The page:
Echocardiography uses sound waves to make images of the heart. In transesophageal echocardiography (TEE), the ultrasound probe is passed down the throat and in to the esophagus. The esophagus is the tube that goes from the throat to the stomach. The esophagus sits very close to the heart. This method allows for clearer images of the heart than other methods.
Reasons for Procedure
This test is done to look for problems of the heart, including:
- Enlarged heart
- Thickening of the heart walls
- Heart valve malfunction
- Blood clots
- Other conditions
Problems from the procedure are rare, but all procedures have some risk. Your doctor will review potential problems, like:
- Difficulty breathing
- Bleeding or damage to the mouth, throat, or esophagus
You may be at higher risk for complications if you:
What to Expect
Prior to Procedure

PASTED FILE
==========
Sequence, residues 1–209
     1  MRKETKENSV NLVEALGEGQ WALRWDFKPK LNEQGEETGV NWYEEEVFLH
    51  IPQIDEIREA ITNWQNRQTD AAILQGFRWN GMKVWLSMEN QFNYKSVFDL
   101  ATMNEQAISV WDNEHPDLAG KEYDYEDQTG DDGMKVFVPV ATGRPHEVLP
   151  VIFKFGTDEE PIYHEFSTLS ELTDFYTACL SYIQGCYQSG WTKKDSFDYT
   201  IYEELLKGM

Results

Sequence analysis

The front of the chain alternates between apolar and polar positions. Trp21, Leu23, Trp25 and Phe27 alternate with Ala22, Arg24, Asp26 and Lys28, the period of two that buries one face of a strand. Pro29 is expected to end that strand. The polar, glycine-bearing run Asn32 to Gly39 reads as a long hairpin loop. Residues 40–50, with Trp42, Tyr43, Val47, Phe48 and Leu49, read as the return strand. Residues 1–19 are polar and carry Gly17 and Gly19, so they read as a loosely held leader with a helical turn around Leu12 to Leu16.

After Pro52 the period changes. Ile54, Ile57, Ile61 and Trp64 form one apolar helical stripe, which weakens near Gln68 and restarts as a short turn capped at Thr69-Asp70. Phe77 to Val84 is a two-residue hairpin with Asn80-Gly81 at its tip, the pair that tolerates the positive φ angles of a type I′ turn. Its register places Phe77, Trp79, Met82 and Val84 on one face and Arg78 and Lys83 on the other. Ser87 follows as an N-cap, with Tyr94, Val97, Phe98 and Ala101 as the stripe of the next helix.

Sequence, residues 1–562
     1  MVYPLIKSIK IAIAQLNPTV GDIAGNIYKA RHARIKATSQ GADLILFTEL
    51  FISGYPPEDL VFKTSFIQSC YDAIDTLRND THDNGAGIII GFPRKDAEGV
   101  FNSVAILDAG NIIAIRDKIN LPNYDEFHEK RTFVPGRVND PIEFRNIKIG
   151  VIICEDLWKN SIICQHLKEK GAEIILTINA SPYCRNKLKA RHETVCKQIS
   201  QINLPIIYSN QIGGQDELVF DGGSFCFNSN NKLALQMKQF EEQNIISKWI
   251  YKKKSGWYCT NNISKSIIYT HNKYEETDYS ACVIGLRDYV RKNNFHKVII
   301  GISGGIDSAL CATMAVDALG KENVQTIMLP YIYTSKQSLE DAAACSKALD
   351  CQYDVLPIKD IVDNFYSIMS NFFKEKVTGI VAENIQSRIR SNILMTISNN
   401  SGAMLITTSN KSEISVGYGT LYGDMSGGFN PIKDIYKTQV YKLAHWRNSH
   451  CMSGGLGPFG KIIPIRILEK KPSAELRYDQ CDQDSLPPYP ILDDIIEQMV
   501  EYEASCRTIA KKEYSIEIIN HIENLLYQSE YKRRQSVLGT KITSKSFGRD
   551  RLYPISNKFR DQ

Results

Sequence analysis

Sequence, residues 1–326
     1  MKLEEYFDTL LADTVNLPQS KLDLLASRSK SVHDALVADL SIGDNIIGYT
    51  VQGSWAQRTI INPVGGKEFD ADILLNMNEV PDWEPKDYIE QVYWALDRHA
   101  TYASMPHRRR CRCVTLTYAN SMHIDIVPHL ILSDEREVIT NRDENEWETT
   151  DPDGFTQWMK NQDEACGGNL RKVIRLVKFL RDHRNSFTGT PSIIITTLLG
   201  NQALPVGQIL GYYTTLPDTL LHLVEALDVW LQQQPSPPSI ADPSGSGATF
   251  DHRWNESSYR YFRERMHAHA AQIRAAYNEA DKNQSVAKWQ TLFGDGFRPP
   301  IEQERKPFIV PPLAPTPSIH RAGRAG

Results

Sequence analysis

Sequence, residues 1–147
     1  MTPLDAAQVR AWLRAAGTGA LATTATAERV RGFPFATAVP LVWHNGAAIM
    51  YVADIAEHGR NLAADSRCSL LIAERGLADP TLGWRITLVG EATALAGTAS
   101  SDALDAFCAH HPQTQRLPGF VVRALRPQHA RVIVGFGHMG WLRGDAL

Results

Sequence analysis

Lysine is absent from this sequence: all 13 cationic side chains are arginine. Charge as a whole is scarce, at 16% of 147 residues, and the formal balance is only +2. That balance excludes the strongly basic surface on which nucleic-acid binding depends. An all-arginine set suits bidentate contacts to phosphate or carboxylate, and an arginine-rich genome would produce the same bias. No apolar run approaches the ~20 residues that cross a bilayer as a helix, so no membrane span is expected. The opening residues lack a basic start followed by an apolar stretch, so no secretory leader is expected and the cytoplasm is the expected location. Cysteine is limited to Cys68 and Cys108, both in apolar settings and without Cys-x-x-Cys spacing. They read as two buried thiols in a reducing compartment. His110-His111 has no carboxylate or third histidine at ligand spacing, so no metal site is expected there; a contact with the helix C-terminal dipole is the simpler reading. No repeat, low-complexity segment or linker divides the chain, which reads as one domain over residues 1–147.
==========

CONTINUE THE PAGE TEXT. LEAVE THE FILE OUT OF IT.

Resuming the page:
- Avoid alcohol for several days before the procedure. Alcohol may interfere with the type of sedative used.
- Do not eat or drink for 4-8 hours before the procedure.
- Arrange to have someone give you a ride home after the procedure.
You will be given a mild sedative through an IV. You will be sleepy throughout the procedure. A topical anesthetic may also be applied to the back of the throat. This will numb the throat.
Description of the Procedure
You will be asked to lie on your side in a hospital gown. The ultrasound probe will be slid down your throat and into the esophagus until it is near the heart. The device will create active images of the heart. When the imaging is done, the probe will be taken out.
How Long Will It Take?
Will It Hurt?
There may be some mild discomfort during the procedure. Most people sleep through the procedure and remember very little of it. Your throat may be sore for a few days.
You will need a ride home from the procedure. Do not eat or drink until the numbness in your throat wears off. This will keep you from inhaling food or drink into the lungs.
Talk to your doctor about the results of the test.
Call Your Doctor
Call your doctor if any of these occur:
- Sore throat does not subside or worsens
- Pain in the throat or chest develops
- Difficulty breathing
If you think you have an emergency, call for emergency medical services right away.
- Reviewer: EBSCO Medical Review Board Michael J. Fucci, DO, FACC
- Review Date: 03/2018 -
- Update Date: 05/02/2014 -